The rapid adoption of the Internet in Azerbaijan in the late 2000s, albeit with increasing government regulation, has started to offer more opportunities for publication. That there are still relatively few active creative writers has also made publication in the venues that come and go somewhat “easy,” according to poet Rabiqe Nazim qizi. All the poets featured here have published their poems; several have published more than one book of poetry. Yet despite the increased opportunities for publication in the past decade, many writers in Azerbaijan lament that literature, while a beloved part of their national identity, is no longer taken seriously—even less so, Rabiqe admits, when it is by a woman.

These are not poems that sidestep hard or controversial issues, even as they deal with these issues at times in highly figurative ways: a broken cup, sparrows overcoming a great snowman, one red scarf bringing leaders to their knees.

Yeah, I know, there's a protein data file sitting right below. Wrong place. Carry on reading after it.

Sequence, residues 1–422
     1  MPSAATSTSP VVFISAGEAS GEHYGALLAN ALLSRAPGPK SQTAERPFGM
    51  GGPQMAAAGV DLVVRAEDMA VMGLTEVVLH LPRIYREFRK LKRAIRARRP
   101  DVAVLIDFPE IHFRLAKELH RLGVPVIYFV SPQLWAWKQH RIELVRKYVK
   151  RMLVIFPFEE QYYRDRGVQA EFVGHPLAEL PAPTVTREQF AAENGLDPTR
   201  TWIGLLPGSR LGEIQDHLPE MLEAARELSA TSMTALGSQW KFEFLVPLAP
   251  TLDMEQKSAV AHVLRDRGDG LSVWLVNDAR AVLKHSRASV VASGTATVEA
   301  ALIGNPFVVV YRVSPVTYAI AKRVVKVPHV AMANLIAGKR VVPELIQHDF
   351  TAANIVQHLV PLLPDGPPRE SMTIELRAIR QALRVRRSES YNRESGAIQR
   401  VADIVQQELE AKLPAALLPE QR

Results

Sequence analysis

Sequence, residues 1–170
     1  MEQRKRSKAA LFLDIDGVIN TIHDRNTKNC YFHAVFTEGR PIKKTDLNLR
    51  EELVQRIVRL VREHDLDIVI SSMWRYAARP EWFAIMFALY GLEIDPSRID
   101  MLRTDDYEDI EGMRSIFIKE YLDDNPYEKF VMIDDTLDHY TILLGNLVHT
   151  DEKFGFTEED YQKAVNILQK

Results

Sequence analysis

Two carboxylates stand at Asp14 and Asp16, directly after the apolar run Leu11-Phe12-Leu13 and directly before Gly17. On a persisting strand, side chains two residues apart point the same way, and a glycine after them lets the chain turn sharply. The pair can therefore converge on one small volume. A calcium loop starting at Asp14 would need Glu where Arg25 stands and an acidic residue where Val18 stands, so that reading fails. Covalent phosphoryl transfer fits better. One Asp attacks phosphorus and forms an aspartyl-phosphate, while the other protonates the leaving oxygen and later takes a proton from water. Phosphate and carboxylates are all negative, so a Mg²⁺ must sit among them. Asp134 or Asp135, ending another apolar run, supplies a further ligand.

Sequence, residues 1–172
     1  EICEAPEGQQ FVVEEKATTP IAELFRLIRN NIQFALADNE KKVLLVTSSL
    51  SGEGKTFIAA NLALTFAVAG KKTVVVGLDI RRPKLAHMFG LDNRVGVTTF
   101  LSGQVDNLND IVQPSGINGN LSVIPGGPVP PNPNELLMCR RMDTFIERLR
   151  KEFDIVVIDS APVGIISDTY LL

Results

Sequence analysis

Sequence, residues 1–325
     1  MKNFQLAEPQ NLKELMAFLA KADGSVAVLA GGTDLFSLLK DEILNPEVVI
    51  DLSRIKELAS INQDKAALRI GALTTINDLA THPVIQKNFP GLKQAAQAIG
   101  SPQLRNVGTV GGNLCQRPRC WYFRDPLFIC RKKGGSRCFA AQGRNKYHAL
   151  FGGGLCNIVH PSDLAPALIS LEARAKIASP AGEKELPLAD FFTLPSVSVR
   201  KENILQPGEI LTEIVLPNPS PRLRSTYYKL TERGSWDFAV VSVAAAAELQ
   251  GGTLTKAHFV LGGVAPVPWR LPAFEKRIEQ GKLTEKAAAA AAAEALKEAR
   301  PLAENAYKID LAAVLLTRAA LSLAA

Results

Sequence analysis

But being taken less seriously has its advantages in politically constricting cultural spaces. You can fly a little under the radar. While some of these women’s poems explore common and broadly palatable themes of national pride, they also write of domestic violence, rape, divorce, adultery, war, gender inequity, and the strength of female relationships in their lives. These are not poems that sidestep hard or controversial issues, even as they deal with these issues at times in highly figurative ways: a broken cup, sparrows overcoming a great snowman, one red scarf bringing leaders to their knees. Though specific political critique of the government rarely enters these women’s poems, they write in a long tradition of classical and then Soviet-era poetry through which leaders were often critiqued figuratively and obliquely, or through satire. Indeed the concrete nakedness of some of the younger writers’ works does not always sit well with those writers who came of age and achieved literary stature during the Soviet period. Some older writers, such as Masud, argue that the next generation of writers often just writes for shock value and attention (such as there is for a writer). And Rabiqe reports that her parents, who admire traditional formal verse, have a hard time understanding her success with more experimental, free-verse forms. But this conversation itself is a sign of a dynamic literary environment.